A SPANISH MP who voted in favour of a referendum on self-determination in Catalonia has been nominated to preside over the Spainish Congress.

Acting prime minister Pedro Sánchez yesterday named Meritxell Batet, who has served as public administration minister, directly in charge of contacts with the Catalan government. He also named Manuel Cruz to chair the upper house, the Senate.

Both are from the Catalan wing of his Socialist party (PSC) and, while they favour continuing the union with Spain, they are more open to dialogue with Catalonia’s pro-independent administration.

Sanchez, who is seeking to serve a second term without a parliamentary majority, has ruled out another independence referendum in Catalonia.

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However, 46-year-old Batet, who was elected to the Congress in 2004, was one of the Socialist MPs who voted for a referendum in 2013. Acting government spokesperson, Isabel Celaa, told reporters the nominations of Batet and Cruz as key links in the national legislative process – similar to the UK Speaker – demonstrated “commitment to dialogue, to coexistence and to cohesion among all Spaniards”.

However, Sergi Cabrera, from the Republican Left of Catalonia (ERC) in the Catalan parliament, dismissed the move: “We don’t think that putting Catalans in these positions fixes anything. It is a cosmetic operation.”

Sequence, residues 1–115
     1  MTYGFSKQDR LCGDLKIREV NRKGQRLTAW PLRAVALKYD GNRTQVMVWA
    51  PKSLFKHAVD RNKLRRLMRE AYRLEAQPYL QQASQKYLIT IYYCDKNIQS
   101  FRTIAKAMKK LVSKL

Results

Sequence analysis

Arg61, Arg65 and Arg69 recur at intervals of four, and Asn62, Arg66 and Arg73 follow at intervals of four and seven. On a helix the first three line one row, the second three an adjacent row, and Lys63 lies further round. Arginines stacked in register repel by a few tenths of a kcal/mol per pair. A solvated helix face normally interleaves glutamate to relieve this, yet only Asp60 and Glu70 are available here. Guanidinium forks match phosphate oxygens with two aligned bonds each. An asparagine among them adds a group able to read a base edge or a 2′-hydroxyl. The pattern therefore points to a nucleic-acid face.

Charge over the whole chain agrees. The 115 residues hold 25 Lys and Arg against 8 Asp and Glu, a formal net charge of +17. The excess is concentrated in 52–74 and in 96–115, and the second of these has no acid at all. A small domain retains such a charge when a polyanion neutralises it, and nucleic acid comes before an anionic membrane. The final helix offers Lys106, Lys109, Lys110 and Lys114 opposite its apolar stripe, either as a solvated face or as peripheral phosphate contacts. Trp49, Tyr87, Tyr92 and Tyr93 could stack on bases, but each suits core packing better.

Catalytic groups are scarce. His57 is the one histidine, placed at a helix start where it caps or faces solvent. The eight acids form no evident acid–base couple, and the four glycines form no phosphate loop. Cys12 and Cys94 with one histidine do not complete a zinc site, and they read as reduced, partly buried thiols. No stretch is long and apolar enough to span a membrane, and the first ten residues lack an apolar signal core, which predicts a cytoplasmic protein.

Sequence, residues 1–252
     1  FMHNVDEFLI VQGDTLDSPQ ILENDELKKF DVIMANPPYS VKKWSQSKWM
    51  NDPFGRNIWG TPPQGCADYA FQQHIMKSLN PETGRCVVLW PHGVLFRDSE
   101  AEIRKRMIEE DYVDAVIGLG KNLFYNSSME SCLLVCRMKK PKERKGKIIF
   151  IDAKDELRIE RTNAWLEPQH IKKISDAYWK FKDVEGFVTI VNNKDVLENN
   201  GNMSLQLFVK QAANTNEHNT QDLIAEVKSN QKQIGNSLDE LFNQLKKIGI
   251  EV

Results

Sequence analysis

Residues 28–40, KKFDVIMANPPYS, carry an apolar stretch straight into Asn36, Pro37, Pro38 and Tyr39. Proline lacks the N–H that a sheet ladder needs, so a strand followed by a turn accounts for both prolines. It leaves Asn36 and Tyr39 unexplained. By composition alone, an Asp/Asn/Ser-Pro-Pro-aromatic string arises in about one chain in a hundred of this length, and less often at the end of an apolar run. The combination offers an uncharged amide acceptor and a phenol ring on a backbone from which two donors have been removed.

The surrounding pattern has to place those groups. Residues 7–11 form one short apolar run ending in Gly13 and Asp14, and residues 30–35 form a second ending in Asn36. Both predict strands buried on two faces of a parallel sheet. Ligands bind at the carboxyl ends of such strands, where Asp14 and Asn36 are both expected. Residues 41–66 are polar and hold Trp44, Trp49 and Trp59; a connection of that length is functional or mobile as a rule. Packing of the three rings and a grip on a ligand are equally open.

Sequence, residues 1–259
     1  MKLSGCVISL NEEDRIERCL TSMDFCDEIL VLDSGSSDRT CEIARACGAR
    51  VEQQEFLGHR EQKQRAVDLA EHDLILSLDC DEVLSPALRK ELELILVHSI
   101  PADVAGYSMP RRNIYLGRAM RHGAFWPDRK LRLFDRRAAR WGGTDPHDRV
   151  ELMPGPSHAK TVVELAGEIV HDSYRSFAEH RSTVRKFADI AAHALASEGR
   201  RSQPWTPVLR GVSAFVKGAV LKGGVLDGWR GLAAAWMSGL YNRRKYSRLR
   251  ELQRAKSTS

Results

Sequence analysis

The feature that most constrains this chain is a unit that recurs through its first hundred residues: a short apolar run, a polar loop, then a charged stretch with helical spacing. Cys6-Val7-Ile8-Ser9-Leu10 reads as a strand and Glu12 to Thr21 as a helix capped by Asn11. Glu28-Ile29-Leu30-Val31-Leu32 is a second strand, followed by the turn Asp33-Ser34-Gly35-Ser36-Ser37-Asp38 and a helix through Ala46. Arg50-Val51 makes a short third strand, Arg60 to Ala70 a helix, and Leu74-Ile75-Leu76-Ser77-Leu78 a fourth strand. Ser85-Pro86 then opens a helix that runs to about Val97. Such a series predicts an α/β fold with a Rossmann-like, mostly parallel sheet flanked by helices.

He said ERC wanted a permanent structure for dialogue between Madrid and Barcelona on Catalan issues.

The Catalan parliament on Thursday blocked the nomination to the senate of PSC leader Miquel Iceta, Sanchez’s first choice for the role. Batet and Cruz are already elected MPs and do not need the backing of the Catalan parliament.

The Socialists have a majority in the Senate, meaning Cruz is certain to lead the chamber, but Batet’s nomination will require backing from other parties.

“Sanchez leaves nothing to chance, he is a person of consensus who is open to maintaining contacts with different political parties,” said Antonio Barroso, who heads political consultancy Teneo.

To be sworn in again as PM, he will need the support of other leftist parties, plus at least one vote or abstention from pro-independent Basque or Catalan parties.

Meanwhile, Scots lawyer Aamer Anwar has defended Catalans’ right to self-determination in a speech in support of Jordi Graupera, who is leading the pro-independent Barcelona is Capital in the municipal primaries.

“Over the last two years, Spain has torn apart its so-called respect for democratic rights and sovereignty,” said Anwar.

“The heirs of Franco have tried to crush the desire of the people of Catalonia to run their own affairs. When nine out of 11 Catalan presidents have been jailed, exiled or executed, then it is time to change the course of history. The only way to do that is to exercise the power of the people.”